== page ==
That morning, Lugovoi and Kovtun were bringing something into Britain that customs had failed to detect. Not drugs, or large sums of cash. Something so rare and strange and otherworldly, it had never been seen before in this form in Europe or America.
It was, as Kovtun put it, talking in confidence to a friend in Hamburg, ‘a very expensive poison’. A toxin which had started its surreptitious journey to London from a secret nuclear complex in south-west Siberia. An invisible hi-tech murder weapon.
Lugovoi and Kovtun were to use it to kill a man named Alexander Litvinenko. Litvinenko was a Russian émigré who had fled to Britain six years previously. He’d become a persistent pain for the Russian government. He was a remorseless critic of Vladimir Putin, Russia’s secret policeman turned president. By 2006, Litvinenko was increasingly anomalous: back in Russia many sources of opposition has been squashed.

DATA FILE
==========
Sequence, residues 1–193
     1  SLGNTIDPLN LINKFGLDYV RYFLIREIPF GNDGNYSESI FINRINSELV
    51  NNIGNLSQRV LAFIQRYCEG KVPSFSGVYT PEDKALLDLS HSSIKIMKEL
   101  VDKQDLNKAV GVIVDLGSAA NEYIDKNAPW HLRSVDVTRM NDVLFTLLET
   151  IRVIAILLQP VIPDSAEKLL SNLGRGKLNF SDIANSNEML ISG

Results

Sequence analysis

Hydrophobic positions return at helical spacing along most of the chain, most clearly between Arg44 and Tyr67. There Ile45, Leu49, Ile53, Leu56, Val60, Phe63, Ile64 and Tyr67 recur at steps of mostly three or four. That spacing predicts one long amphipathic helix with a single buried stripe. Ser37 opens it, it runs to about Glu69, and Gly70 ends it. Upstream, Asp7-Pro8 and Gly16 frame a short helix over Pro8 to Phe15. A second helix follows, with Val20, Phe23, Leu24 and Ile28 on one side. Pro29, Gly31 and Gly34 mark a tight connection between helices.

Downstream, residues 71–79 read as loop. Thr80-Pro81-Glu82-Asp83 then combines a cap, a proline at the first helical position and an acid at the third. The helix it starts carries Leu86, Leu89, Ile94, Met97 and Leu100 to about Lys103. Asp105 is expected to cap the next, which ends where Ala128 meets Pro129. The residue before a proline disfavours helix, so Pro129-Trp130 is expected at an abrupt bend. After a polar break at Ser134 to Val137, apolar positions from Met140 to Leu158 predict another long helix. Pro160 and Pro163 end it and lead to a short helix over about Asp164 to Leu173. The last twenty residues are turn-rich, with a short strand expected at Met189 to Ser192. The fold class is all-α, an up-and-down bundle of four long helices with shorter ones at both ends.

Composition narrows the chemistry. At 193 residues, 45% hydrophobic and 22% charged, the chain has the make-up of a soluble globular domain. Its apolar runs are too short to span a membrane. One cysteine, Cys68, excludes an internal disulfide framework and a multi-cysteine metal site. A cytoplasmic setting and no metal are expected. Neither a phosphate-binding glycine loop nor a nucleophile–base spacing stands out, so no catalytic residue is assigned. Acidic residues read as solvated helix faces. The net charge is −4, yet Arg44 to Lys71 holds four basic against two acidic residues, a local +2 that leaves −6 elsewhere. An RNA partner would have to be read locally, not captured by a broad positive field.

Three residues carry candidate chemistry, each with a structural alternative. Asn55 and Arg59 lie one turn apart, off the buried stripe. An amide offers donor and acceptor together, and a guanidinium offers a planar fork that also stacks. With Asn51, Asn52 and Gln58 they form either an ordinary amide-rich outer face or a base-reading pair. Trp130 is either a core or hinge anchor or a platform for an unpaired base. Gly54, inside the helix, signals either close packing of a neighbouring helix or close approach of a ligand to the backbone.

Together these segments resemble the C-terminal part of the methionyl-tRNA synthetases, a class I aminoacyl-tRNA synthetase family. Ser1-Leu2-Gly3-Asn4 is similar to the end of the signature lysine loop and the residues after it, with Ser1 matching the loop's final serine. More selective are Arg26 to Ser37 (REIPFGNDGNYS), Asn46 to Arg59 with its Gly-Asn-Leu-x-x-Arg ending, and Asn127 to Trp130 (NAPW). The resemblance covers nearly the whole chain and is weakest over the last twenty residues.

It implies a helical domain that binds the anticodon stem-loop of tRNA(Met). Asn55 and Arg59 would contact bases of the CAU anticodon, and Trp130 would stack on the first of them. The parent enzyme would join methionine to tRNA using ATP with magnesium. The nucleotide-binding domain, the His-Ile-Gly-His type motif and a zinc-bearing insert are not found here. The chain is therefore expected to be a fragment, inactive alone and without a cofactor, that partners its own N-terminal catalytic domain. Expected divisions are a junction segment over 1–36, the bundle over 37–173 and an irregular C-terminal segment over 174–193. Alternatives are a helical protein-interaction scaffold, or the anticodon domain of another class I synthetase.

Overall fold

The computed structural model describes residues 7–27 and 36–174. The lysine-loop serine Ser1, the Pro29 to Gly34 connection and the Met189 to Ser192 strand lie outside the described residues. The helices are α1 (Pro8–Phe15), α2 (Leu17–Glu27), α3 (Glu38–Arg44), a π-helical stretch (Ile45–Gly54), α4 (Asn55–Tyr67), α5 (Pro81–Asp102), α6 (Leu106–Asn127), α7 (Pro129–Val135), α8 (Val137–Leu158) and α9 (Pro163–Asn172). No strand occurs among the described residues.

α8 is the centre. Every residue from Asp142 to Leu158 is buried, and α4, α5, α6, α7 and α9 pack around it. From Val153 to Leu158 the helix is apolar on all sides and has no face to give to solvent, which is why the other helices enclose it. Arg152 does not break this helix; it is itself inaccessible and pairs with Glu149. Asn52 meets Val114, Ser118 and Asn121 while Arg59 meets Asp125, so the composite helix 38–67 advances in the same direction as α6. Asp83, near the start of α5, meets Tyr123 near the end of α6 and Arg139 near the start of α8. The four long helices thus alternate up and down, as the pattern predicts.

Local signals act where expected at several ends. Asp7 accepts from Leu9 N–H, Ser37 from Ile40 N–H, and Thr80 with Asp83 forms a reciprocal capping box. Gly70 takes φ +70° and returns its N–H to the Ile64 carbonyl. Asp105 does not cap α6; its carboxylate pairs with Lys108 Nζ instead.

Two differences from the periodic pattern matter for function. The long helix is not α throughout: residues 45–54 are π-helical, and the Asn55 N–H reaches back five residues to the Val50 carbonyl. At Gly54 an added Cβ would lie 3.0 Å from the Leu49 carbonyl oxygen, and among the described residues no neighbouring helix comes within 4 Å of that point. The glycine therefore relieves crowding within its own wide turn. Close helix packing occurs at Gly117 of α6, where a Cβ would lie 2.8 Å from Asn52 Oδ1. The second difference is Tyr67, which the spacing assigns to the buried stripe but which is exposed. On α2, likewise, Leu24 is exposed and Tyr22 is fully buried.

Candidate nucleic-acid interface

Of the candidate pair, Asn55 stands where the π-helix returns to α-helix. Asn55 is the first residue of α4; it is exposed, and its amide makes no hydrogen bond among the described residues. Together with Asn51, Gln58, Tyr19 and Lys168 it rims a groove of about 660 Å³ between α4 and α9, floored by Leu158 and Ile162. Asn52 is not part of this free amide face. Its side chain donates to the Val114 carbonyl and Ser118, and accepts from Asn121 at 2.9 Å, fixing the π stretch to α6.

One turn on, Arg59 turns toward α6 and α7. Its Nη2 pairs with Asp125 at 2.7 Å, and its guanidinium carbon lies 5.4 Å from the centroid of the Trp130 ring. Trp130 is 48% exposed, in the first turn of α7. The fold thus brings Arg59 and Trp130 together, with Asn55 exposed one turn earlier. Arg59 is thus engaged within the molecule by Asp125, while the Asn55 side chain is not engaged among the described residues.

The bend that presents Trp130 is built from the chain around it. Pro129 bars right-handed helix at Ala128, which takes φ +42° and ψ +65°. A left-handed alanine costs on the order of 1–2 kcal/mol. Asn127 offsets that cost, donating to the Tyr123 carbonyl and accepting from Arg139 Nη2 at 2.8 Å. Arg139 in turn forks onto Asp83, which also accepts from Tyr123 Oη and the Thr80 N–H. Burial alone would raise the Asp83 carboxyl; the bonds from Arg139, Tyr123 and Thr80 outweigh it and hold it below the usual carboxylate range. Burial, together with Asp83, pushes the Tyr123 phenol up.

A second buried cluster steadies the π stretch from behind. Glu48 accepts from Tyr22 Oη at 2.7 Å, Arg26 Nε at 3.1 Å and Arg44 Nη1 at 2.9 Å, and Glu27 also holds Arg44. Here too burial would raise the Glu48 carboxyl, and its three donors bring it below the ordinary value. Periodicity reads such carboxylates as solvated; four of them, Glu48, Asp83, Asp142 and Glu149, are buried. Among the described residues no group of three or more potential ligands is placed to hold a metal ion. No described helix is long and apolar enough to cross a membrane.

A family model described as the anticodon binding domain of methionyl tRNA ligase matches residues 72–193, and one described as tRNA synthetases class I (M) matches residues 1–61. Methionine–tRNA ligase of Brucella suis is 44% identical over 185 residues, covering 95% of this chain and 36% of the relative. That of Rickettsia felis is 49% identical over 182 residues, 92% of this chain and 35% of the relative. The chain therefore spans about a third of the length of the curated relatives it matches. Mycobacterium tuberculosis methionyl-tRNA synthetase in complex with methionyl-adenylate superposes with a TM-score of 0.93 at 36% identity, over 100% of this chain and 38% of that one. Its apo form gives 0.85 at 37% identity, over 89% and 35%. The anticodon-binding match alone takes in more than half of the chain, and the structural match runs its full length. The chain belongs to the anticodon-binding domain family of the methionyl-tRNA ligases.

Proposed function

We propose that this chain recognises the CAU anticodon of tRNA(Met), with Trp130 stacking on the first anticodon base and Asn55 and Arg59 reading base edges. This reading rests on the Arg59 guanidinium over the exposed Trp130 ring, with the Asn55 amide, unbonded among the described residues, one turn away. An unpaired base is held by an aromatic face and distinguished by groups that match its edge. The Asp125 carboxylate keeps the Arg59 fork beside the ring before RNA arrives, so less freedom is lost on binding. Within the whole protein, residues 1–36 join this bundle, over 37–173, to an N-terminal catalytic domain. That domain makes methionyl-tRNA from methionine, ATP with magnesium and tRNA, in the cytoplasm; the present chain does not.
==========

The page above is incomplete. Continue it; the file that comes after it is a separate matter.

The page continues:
There was a particular reason why Putin might want Litvinenko dead. Before escaping in 2000, Litvinenko had worked for the FSB, Russia’s intelligence service, and the main successor agency to the KGB. Putin himself had been, briefly, his boss. But Litvinenko now had another employer: Britain’s secret intelligence service, MI6.
Her Majesty’s Government had given Litvinenko a fake British passport, an encrypted phone and a salary of £2,000 a month, paid anonymously into his HSBC account and appearing on his bank statement incongruously next to his groceries from Waitrose. He had an MI6 case officer, codenamed ‘Martin’.
Litvinenko wasn’t exactly James Bond. But he was passing to British intelligence sensitive information about the links between Russian mafia gangs active in Europe and powerful people at the very top of Russian power – including Putin. According to Litvinenko, Russian ministers and their mobster friends were, in effect, part of the same sprawling crime syndicate. A mafia state. It was his contention that a criminal code had replaced the defunct ideology of communism.